1st – Nellie Stanley (gold medal),
2nd – Robert McCoy (silver medal),
3rd – Jack Cromie (silver medal),
4th – Annie Whyte (prize.)

The above article has probably been taken from one of the Newry papers, probably dated June 1938, as my mother would have been 14 then and James Brown was just elected to the Stormont Parliament as M.P. for South Down succeeding Eamon de Valera.

The Burns family mentioned are not related to my Burns family, at least I haven’t discovered a connection to date.

See also: Parents and Siblings of Nellie Stanley

Obituary of Jeannie Burns

Greenwich – Mrs William Burns, 63, died yesterday afternoon at her home in Corliss Avenue following a long illness. She was born on Ireland, the daughter of John and Sarah Walker Jackson. She came to this country with her husband in 1910 and lived in Pittsburgh for a year before coming to Greenwich, where they have since lived. She was a member of the United Presbyterian Church of Greenwich.
Besides her husband, survivors include one daughter, Mrs. Spargue Wilbur, Bald Mountain; one son, Leslie Burns, Greenwich; a brother, George Jackson, and a nephew William Burns, both of Greenwich; two sisters, Mrs Anna McDee [McKee] and Mrs Adelaide Linton, of Ireland, and five grandchildren.
Funeral services will be conducted tomorrow at 3 p.m. at the residence with Mrs. Joseph F. Daubert officiating. Burial will be in the Greenwich Cemetery.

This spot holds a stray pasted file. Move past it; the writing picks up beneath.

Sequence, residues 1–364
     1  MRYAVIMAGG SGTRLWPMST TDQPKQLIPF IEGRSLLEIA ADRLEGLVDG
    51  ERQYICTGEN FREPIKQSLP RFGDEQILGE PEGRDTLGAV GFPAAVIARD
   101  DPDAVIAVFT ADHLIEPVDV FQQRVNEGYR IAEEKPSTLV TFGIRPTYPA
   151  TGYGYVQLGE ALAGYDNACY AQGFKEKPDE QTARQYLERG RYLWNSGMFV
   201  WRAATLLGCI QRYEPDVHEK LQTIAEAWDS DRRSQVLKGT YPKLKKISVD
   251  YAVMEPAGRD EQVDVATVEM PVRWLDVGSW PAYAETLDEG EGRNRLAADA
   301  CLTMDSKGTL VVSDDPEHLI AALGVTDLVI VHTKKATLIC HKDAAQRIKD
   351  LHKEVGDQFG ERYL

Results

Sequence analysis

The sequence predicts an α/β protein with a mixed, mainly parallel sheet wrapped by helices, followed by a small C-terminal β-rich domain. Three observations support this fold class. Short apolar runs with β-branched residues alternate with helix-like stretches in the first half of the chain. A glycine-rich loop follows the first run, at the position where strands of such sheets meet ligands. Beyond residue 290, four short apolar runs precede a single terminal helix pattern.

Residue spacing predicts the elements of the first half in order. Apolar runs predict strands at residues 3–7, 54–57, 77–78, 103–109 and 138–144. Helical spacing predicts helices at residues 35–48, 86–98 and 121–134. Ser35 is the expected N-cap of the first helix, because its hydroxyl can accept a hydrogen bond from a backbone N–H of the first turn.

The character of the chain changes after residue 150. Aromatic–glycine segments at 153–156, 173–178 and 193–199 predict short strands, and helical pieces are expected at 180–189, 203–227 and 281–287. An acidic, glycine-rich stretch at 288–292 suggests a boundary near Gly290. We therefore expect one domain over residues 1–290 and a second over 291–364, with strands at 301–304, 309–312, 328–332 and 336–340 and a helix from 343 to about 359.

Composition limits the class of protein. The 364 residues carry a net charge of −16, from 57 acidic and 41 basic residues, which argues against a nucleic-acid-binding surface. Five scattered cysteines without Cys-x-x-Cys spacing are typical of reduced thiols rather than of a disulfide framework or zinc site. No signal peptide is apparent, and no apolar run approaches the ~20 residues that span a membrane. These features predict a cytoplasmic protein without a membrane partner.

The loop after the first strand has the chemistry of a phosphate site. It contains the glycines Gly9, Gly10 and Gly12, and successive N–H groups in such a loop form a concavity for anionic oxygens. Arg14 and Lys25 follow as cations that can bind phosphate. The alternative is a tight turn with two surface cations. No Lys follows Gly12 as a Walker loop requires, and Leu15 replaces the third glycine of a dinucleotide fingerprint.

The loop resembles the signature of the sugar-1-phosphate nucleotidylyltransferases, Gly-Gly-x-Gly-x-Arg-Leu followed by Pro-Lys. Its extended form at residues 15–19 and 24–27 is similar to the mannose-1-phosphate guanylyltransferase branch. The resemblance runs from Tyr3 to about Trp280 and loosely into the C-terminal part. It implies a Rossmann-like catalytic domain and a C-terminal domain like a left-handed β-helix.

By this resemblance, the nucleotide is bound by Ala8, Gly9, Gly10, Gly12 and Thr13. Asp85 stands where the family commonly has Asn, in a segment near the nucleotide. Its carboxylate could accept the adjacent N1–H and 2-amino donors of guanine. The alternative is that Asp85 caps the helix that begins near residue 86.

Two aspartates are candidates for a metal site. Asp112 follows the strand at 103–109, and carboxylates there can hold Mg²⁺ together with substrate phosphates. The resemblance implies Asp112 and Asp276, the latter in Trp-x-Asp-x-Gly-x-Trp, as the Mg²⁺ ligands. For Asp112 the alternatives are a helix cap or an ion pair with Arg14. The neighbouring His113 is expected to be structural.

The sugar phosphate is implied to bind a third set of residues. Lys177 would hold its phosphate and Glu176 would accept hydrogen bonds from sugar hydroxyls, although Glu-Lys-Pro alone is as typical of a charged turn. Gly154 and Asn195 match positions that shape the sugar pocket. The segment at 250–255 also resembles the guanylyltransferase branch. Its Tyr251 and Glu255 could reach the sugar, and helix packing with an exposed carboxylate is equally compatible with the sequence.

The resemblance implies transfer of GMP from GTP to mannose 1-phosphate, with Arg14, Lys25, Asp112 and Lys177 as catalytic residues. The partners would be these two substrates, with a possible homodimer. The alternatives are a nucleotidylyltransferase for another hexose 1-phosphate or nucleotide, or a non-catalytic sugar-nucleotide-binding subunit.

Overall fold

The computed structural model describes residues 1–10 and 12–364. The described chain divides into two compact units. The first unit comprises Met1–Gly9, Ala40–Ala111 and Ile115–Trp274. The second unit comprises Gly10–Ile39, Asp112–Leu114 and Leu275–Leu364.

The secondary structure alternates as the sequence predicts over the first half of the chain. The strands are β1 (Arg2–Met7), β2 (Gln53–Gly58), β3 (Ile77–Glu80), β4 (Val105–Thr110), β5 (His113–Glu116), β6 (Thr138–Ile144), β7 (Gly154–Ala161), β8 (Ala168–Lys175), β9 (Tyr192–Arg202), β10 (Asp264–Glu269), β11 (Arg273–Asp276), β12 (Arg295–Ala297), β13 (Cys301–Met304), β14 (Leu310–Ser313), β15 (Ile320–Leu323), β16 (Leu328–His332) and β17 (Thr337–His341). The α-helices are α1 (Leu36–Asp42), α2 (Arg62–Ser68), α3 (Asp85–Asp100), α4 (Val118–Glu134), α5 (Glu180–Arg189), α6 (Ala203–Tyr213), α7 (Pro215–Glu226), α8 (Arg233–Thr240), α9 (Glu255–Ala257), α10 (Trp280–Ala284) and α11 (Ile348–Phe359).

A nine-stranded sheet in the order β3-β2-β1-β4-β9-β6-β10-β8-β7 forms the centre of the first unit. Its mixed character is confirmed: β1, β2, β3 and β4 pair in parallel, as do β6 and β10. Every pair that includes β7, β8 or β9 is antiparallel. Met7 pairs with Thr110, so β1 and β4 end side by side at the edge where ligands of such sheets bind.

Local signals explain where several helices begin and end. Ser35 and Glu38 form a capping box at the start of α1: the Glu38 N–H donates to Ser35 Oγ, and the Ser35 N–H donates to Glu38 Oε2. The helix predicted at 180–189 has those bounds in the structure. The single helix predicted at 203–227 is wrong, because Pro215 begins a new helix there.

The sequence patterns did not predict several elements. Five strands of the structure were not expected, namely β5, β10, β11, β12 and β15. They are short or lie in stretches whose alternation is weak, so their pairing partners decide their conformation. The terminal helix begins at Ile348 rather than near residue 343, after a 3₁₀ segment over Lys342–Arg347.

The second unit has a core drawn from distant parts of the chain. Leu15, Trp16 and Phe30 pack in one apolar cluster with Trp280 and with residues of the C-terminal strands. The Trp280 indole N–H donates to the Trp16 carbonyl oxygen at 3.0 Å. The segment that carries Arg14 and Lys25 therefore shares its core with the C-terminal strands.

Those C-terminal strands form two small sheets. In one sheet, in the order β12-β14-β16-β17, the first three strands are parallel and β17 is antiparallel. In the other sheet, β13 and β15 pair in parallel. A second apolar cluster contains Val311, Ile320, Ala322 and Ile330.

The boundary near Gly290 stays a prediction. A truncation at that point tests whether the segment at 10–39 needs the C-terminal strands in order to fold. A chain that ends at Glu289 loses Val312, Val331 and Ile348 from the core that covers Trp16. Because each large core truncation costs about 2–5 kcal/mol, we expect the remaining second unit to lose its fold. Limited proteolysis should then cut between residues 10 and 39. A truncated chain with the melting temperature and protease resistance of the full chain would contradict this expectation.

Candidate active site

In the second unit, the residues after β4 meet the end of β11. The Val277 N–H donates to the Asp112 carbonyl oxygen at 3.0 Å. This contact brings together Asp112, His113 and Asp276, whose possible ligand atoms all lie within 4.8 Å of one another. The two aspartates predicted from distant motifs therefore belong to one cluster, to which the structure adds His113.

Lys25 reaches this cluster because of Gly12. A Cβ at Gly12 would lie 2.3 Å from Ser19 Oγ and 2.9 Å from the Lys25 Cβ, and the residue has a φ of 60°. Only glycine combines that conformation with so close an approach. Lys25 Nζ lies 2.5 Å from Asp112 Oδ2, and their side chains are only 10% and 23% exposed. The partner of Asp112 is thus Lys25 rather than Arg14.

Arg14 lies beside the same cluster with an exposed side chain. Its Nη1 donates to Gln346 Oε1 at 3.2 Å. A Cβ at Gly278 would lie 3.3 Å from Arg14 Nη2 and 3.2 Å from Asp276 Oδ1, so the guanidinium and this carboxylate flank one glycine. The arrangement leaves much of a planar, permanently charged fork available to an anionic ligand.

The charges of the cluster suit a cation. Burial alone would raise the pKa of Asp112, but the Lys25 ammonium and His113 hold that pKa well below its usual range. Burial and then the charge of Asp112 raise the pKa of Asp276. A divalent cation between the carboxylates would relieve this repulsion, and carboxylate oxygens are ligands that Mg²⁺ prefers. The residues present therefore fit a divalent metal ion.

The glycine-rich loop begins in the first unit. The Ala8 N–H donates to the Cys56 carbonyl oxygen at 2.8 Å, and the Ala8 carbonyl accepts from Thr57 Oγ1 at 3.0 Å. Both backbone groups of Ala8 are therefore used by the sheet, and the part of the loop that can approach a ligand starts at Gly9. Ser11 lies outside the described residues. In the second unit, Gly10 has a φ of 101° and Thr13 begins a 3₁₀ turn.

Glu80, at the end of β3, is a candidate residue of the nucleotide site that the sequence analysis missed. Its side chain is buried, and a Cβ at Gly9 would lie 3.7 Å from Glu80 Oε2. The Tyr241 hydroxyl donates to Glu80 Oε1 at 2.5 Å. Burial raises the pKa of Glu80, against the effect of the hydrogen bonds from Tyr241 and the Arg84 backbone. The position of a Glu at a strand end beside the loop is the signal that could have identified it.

See also: The Family of William Burns and Sarah Jane Walker Jackson

Obituary of Karen Burns Patterson 1997

VANCOUVER, Wash. – Karen Burns Patterson, 56 of Vancouver, Wash., died at her Salmon Creek home Monday, June 2, 1997, after a short illness.

Born Aug. 23, 1940 in Greenwich, N. Y., she was the daughter of the late Leslie and Frances (Baldwin) Burns.  She graduated from Greenwich Central School and the State University of New York at Cortland.  She worked as a teacher’s aide at Lake Shore Elementary School in Vancouver, Wash.

Mrs Patterson was an animal caretaker for Pet Watch and a member of Second Chance Companions, an organization that cares for abandoned pets.  She was a staff member and volunteer for the YWCA Safe Choice and Court Appointed Special Advocate programs.

Survivors include her husband of 30 years, Cecil “Pat” Patterson of Vancouver, Wash.; a sister, Joan F. and her husband Kenneth DeRagon of Greenwich; a brother William C. and his wife, Sharon T. Burns of Greenwich; and several nieces and nephews.

Memorial services were held Thursday, June 5, at Michael Servitus Unitarian Universalist Fellowship.  Burial was private.  Memorial contributions may be made to Second Chance Companions, P.O. box 2343, Battle Ground, Wash. 98604.

A tribute as published in….THE POST-STAR.

David Burns, SS Privet and the Tower Hill Memorial

This is a photograph of a section of panel 87 of the Tower Hill Memorial. The photograph shows the names of the captain and crew of SS Privet, a coal boat belonging to Joseph Fisher’s of Newry. The boat was lost on 5th December 1940.


The memorial commemorates men and women of the Merchant Navy and Fishing Fleets who died in both World Wars and who have no known grave. It stands on the south side of the garden of Trinity Square, London, overlooking The Tower of London.

Further details of the Tower Hill Memorial can be found at the Commonwealth War Graves Commission website at: … 002&mode=1

See also: The Family of David Burns and Eliza McCann